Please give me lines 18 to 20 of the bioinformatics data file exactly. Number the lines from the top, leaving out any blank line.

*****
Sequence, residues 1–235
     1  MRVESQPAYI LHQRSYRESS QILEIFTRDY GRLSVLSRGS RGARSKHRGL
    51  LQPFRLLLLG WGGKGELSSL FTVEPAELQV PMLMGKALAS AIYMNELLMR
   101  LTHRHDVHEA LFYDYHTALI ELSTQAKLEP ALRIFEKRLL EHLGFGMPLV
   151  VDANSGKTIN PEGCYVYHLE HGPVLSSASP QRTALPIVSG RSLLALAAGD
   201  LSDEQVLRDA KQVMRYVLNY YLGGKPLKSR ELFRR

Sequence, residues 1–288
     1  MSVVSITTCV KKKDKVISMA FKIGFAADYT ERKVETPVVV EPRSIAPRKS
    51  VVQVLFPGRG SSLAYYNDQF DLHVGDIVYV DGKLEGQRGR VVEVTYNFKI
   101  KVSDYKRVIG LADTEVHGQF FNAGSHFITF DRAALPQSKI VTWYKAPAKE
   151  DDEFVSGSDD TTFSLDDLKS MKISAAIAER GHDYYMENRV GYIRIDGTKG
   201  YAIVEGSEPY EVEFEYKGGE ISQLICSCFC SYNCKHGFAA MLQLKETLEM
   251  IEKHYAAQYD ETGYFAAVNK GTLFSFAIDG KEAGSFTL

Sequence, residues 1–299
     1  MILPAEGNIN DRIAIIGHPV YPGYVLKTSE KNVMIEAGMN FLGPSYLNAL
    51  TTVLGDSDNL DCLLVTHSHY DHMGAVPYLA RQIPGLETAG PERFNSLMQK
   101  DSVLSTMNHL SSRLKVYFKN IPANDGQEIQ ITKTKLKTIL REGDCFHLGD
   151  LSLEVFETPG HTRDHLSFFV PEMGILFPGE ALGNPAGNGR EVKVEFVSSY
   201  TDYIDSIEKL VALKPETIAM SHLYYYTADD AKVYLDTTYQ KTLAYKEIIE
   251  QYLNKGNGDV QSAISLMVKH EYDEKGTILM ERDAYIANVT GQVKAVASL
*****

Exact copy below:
   151  LSLEVFETPG HTRDHLSFFV PEMGILFPGE ALGNPAGNGR EVKVEFVSSY
   201  TDYIDSIEKL VALKPETIAM SHLYYYTADD AKVYLDTTYQ KTLAYKEIIE
   251  QYLNKGNGDV QSAISLMVKH EYDEKGTILM ERDAYIANVT GQVKAVASL